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West Indies cricket again

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When the West Indies Under-19 cricket team including our own left-handed opener Gidron Pope won the World Cup last month, hopes of Caribbean cricket fans, dashed and squashed for so long, seemed to be reviving. The triumph came as their seniors were preparing to leave for India to contest the 2016 World Cup T20 version, a trophy that they won four years ago.

But, as we have been so rudely reminded time and again, West Indies cricket is never without its share of drama. First, there came the withdrawal of three of the region’s top players, all incidentally from Trinidad and Tobago. {{more}}All-rounder Kieron Pollard, recovering from injury, said that he would not be match-fit, while Darren Bravo backed out, preferring to concentrate on Test cricket.

The third withdrawal, that of embattled spinner Sunil Narine, who has been banned by the International Cricket Conference for supposed “illegal” bowling action, has now brought about controversy of its own. Narine has charged that his cricket Board President Azim Bassarath sent an email to other T&T Board officials describing his action as “pelting.” His complaint is to be investigated.

Another cloud has arisen this week, this time involving one of the team’s key players, Andre Russell. He now faces a possible two-year ban for what is called “anti-doping whereabouts” violation. International athletes are expected to be available for doping tests and Russell has allegedly missed three such tests within the past 12 months.

This is hardly the kind of backdrop for a successful World Cup campaign. Yet it is not all, for the overriding major controversy over the governance of cricket in the Caribbean just won’t go away. The recent 27th Inter-sessional Conference of CARICOM’s Heads of Government confirmed this fact. One of the issues discussed by the Heads was that of the governance of cricket in the region.

One will recall that CARICOM and the West Indies Cricket Board (WICB) had jointly commissioned a study on West Indies cricket governance. That commission, the third such in the last decade, and headed by UWI Professor Eudine Barriteau, fundamentally endorsed the conclusions of the first two, but went much further calling for the disbanding of the present structure and the institution of a new, more democratic arrangement.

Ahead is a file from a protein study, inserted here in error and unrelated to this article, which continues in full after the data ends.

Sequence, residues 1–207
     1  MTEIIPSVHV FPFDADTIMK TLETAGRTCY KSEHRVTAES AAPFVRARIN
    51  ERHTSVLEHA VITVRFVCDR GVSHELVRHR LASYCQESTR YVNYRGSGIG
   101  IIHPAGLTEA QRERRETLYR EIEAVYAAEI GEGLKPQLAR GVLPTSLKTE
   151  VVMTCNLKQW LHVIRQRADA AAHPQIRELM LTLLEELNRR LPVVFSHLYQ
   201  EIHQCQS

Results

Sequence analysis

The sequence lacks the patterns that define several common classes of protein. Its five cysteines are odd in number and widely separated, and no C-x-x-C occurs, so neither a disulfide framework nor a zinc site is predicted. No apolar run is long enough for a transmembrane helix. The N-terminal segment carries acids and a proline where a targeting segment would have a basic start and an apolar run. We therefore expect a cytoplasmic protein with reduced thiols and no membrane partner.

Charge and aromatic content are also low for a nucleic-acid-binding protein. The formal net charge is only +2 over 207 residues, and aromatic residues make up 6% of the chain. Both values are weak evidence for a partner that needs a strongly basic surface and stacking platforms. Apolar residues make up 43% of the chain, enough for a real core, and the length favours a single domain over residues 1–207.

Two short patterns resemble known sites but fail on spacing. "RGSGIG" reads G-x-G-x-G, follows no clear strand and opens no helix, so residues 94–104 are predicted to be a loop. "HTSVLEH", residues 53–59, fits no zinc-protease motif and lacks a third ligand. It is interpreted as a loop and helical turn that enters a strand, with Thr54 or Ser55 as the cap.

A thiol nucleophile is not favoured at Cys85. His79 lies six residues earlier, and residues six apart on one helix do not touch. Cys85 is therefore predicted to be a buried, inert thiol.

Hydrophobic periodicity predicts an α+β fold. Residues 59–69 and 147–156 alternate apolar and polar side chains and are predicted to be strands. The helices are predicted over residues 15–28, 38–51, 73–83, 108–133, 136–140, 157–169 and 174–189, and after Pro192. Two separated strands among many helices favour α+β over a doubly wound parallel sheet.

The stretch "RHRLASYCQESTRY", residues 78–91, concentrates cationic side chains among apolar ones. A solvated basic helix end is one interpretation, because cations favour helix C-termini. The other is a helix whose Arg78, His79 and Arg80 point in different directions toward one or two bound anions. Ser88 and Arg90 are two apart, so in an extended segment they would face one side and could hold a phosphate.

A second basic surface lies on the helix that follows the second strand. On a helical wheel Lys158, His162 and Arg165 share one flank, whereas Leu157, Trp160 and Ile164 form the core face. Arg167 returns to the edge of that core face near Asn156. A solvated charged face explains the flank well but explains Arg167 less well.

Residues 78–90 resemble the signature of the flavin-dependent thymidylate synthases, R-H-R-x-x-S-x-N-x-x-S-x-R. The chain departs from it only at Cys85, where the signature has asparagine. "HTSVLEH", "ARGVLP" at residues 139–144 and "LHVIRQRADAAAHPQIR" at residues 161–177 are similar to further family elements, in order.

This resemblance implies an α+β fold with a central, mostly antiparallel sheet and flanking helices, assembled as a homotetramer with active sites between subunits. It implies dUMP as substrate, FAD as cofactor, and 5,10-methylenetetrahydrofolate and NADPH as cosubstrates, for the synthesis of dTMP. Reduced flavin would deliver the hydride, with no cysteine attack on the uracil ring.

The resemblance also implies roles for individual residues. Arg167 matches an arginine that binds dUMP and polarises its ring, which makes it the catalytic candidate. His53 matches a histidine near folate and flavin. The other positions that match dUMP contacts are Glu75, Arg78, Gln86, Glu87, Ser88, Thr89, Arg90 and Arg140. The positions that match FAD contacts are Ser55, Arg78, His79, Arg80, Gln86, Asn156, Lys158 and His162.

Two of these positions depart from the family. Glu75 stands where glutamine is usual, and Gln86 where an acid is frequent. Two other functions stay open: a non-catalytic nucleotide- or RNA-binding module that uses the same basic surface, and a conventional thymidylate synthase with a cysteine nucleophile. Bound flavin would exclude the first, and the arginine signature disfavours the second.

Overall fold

It was promptly rejected by WICB President Dave Cameron and his colleagues, holding up the banner of “non-interference” in cricket affairs by the region’s political leaders. Cameron even went so far as to refuse to meet with CARICOM’s Cricket Committee, headed by Grenadian Prime Minister Dr Keith Mitchell!

This was brought to the attention of the Heads, and, they are clearly not amused. The official communique issued after the Conference says that the Heads “endorsed” the recommendations of the Barriteau Commision and “affirmed that they must be implemented.” The CARICOM leaders made it plain that they were “not joking around”, to quote Dr Mitchell, and would explore all options. T&T Prime Minister Keith Rowley said that “the time has come for serious action in trying to save West Indies cricket.”

This is the far from pleasant scenario facing cricket in the region. Whilst no sane person would like to see a takeover of cricket by politicians, the current cricket administration cannot bury its head in the sand and hide under the claim of sporting immunity. This state of affairs cannot continue indefinitely, a resolution must be found.

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